When asked how Hanny feels about the whole thing, Esther looks like the question itself makes no sense.
And so northwards they troop into something resembling a cross between a gothic horror and the Wickerman and the meanderings of the romantic poets. The place is full of mists and marshlands and glowering menacing locals. The house is worse than they remember and that encourages exploration into parts of it previously ignored.
A storm opens up an out-house and a path into danger.
The boys stray over to Coldbarrow… and hidden menace suddenly becomes very real.
Looking back at the book objectively, there are signposts that I missed. By the third day when I was sitting up late to finish it, I'd completely forgotten the prologue having been so successfully swept up in the past… the days that led to the trip back to the Loney, and the events of that Easter weekend itself… I'd lost the point of where it was all leading so totally, that I had to re-read the last couple of chapters to make sense of them.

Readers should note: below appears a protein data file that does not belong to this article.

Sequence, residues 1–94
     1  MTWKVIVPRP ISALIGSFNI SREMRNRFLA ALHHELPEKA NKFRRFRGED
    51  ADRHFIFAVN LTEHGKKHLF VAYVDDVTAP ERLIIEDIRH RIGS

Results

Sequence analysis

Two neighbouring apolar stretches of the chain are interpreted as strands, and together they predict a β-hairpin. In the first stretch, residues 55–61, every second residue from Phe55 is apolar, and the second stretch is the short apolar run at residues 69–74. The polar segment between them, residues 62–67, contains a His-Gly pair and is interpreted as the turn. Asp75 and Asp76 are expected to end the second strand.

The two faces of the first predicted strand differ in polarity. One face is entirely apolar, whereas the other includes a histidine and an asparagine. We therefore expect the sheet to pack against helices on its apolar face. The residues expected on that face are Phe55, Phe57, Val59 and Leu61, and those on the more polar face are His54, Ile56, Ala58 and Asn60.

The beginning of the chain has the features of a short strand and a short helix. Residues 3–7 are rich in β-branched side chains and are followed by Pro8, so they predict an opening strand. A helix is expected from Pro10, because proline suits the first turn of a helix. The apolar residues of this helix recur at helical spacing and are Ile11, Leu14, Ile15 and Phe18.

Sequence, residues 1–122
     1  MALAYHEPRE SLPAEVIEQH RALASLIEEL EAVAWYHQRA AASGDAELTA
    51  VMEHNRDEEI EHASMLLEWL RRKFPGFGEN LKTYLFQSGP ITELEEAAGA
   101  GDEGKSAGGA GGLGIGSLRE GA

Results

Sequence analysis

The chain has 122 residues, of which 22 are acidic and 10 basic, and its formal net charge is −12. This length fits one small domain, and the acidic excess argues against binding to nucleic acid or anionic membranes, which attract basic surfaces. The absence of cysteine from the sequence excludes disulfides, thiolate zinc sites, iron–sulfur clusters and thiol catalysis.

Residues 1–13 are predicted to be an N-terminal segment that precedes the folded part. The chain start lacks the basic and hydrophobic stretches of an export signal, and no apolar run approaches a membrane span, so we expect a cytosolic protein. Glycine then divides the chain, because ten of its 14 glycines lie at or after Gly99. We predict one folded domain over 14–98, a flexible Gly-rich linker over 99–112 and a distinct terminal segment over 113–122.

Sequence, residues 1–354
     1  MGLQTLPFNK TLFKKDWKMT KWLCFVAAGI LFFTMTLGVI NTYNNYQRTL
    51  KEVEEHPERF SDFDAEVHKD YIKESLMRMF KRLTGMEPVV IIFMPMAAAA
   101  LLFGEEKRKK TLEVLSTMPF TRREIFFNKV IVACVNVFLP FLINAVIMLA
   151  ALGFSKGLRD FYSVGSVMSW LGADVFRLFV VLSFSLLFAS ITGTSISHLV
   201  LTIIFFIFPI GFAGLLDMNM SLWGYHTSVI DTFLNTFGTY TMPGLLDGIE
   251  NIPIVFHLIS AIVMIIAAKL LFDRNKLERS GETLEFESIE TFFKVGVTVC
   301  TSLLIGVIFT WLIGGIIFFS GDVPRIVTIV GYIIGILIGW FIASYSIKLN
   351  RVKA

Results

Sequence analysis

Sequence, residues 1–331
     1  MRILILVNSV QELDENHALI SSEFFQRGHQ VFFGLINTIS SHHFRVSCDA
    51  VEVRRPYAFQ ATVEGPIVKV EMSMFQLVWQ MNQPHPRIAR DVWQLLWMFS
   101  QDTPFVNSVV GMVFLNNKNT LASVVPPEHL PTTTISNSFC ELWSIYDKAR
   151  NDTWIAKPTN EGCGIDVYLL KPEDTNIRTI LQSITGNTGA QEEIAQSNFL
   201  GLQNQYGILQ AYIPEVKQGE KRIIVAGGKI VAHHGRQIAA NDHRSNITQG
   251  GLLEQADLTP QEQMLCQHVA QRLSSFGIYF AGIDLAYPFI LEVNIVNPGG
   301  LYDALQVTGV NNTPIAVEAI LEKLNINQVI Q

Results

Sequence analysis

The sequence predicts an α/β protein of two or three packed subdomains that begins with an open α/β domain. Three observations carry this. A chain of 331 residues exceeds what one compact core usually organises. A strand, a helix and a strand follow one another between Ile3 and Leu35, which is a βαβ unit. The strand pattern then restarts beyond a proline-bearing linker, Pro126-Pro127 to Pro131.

And if I have to own the weakness in the book, that's where it is… in the full play-out of what actually happens on Coldbarrow. I'm in two minds about it. I can see why it is written the way it is, and I'm sure as many readers will love the mystery of it as will leave having hoped for something more explicit. On balance, I think that more could have been given, without loss of atmosphere and reader-imagination. An error too far on the side of caution from my money.
But – don't let that put you off. What you get before you get there is worth the time.
I don't come down on the side of this being a 'horror'. It has those elements but it is part romantic-suspense, but also large part social history and post-modern society critique. Above all, though, it is beautifully written.
I often thought there was too much time there. That the place was sick with it. Haunted by it. Time didn't leak away as it should. There was nowhere for it to go and no modernity to hurry it along. It collected as the black water did on the marshes and remained and stagnated in the same way.
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The Loney by Andrew Michael Hurley is in the Top Ten Literary Fiction Books of 2015.